Finding Your Niche
There are things you learn during the course of your education that may pique your interest or with which you feel an especially strong connection. It is part of a student’s experience to be conscious of those connections, and identify why those connections are so strong. For example, if you like reading through medical documentation and deciphering medical terms to determine the course of treatment, then you may exhibit the following:
- Increased attention to detail
- Interest in one or more of the following medical sciences: medical terminology, anatomy & physiology, pathophysiology, or pharmacology
- Interest in puzzles/riddles
- Methodical in nature
Health Information Technology (HIT) provides the foundation for understanding the dynamics of health information systems across the nation. The niche of your interest may fall into one or more areas of HIT. It is critical that a HIT student understands the theories and concepts associated with the practices of Health Information Management (HIM). As HIT related theories and concepts come together for students during the completion of their program, students have a better understanding of what they want to do once they start their professional journey.
For instance, coding is a skill that relies on the understanding of the human body and its functions. Coding requires the understanding of medical terms used in a medical record to determine the most appropriate code that represents that service or hospital stay.
The following table is a brief example of how medical terminology translates into an ICD-10-CM (designated code set) code.
|General Medical Term||Code Book Identification of Term||Actual Code|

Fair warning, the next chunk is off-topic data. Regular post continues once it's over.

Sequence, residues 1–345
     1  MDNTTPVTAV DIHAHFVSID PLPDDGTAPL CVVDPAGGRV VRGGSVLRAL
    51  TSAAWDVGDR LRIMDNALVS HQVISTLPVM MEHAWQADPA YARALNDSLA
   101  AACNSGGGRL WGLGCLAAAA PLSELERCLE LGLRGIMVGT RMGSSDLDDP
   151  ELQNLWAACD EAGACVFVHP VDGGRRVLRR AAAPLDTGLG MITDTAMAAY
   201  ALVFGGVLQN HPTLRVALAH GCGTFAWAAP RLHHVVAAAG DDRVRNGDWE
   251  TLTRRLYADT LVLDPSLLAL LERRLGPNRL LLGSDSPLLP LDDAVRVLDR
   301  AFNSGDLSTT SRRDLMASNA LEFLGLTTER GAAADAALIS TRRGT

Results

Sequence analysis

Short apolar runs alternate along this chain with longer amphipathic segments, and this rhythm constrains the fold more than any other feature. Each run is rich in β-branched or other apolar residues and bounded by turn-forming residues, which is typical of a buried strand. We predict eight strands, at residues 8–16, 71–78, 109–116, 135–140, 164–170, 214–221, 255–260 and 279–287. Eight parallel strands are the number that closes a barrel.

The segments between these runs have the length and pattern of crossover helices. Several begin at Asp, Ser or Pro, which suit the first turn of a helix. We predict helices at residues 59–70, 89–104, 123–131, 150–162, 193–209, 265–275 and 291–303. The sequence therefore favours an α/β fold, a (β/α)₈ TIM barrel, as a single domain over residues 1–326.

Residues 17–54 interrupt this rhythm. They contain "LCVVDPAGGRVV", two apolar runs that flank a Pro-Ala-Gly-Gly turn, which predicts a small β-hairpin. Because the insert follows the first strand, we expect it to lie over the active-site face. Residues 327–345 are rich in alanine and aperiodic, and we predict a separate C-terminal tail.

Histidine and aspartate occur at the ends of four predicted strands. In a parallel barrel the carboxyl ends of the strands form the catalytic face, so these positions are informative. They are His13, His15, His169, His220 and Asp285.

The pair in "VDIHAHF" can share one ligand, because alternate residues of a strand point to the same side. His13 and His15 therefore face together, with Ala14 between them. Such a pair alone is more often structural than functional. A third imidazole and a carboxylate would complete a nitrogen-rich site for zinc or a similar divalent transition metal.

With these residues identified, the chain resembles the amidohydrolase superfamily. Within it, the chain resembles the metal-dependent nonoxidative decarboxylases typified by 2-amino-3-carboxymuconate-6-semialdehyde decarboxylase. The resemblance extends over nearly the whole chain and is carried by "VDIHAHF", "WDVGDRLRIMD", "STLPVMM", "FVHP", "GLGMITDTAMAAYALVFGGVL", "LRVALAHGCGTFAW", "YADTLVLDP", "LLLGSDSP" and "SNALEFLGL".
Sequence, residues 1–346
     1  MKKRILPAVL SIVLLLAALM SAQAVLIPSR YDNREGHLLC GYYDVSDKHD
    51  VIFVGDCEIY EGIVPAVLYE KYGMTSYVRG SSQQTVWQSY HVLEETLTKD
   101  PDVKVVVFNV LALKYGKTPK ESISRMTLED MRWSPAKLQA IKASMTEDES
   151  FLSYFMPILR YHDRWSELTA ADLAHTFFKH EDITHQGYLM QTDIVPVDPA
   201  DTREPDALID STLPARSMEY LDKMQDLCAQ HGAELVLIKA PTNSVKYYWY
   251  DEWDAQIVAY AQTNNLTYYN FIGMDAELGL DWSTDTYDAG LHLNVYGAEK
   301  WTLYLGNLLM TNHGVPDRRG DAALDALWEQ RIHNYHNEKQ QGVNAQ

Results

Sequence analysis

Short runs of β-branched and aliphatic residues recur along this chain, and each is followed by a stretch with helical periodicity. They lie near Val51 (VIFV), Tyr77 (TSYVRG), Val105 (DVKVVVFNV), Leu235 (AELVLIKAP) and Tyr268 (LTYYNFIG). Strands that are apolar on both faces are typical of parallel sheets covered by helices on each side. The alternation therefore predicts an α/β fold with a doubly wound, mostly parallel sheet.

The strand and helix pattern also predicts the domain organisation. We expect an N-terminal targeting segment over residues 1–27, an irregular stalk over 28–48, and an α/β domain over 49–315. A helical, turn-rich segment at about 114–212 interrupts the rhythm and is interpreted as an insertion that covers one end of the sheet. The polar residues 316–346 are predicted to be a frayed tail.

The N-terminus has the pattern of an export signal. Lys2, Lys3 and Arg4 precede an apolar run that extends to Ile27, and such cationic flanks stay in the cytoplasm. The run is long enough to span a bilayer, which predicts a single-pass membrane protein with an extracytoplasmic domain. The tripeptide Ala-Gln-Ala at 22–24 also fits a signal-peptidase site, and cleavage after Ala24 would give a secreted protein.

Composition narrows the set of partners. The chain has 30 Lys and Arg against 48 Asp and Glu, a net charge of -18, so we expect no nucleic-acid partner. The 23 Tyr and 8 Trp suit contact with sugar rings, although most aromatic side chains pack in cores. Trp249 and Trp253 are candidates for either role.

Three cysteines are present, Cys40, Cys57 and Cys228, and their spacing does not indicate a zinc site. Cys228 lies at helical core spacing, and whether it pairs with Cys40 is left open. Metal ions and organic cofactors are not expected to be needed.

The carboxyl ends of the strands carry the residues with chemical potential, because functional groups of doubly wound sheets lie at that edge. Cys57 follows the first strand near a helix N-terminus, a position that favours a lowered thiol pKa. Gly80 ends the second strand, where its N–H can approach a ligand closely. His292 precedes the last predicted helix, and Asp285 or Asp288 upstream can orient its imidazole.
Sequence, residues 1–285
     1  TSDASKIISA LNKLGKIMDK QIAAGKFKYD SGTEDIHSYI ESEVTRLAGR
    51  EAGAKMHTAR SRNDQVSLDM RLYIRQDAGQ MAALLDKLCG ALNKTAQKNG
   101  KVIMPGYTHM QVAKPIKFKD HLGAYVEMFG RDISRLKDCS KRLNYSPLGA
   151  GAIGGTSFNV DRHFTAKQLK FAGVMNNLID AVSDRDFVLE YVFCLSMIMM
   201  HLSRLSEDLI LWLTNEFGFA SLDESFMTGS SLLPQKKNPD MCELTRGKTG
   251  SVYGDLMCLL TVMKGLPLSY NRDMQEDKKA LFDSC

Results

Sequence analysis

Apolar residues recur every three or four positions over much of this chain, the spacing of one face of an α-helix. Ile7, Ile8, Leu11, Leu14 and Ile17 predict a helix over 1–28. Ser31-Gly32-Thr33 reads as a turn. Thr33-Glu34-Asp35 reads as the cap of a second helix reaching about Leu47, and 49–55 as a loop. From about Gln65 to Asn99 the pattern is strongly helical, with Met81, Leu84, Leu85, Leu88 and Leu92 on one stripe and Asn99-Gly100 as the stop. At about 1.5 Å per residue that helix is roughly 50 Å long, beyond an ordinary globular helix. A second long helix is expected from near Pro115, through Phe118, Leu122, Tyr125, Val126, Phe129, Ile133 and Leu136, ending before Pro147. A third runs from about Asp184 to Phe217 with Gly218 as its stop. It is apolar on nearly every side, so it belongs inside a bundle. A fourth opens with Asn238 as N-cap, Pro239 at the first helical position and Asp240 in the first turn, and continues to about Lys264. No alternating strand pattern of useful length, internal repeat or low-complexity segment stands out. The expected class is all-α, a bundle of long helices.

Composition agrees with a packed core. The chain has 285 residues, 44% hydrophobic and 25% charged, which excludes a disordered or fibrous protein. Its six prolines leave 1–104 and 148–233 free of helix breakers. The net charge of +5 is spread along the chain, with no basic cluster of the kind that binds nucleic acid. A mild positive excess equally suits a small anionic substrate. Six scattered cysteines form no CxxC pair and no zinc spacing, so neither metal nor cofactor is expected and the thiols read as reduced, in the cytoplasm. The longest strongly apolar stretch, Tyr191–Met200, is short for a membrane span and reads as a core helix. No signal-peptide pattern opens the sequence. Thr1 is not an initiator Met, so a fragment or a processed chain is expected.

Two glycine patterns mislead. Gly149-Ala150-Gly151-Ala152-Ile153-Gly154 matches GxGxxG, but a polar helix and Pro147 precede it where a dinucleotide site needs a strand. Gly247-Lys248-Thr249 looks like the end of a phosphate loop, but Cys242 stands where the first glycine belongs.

|Hypertension (High BP)||Essential (primary) hypertension||I10|
|Asthma||Unspecified asthma, uncomplicated||J45.909|
|Diabetes||Type 2 diabetes mellitus without complications||E11.9|
|Prostate Cancer||Malignant neoplasm of prostate||C61|
Based the example above, this is one skill that an HIT student must obtain in an accredited HIT program. This particular skill comprises 18% of the national exam specifications for the Registered Health Information Technology (RHIT) exam that is offered through the American Health Information Management Association (AHIMA). The remaining exam specifications are in the following areas:
- Data Analysis and Management (20%)
- Compliance (16%)
- Information Technology (12%)
- Quality (12%)
- Legal (11%)
- Revenue Cycle (11%)
In addition, there are positions strictly dedicated to the coding function in multiple healthcare settings, and coders may use more than one designated code set to perform the function in its entirety. Once a professional has a mastery skill set, they move on to learn other modalities to broaden their knowledge. Others may master the skill, and move on to something totally different, which is where the flexibility of HIT comes in.
Even though this is a subset of many skills in HIT, employers are looking for the relevant credentials to be considered a qualified candidate for a HIT related position. The RHIT credential shows that you have the minimum skills necessary to perform within a department on multiple capacities. So, it is especially important that students sit for the RHIT exam once they have completed an accredited HIT program.
As a result, students must learn all the necessary components in HIT to understand what it is that they want to do. Students may discover their niche through textbooks, through the use of simulated activities, or through their Professional Practicum Experience (PPE). A PPE is a capstone course where the student has the opportunity to showcase their skills at a designated site; this is known as an externship here at Northwestern College.
What is, or what will be, your niche in HIT? Let us help you find out.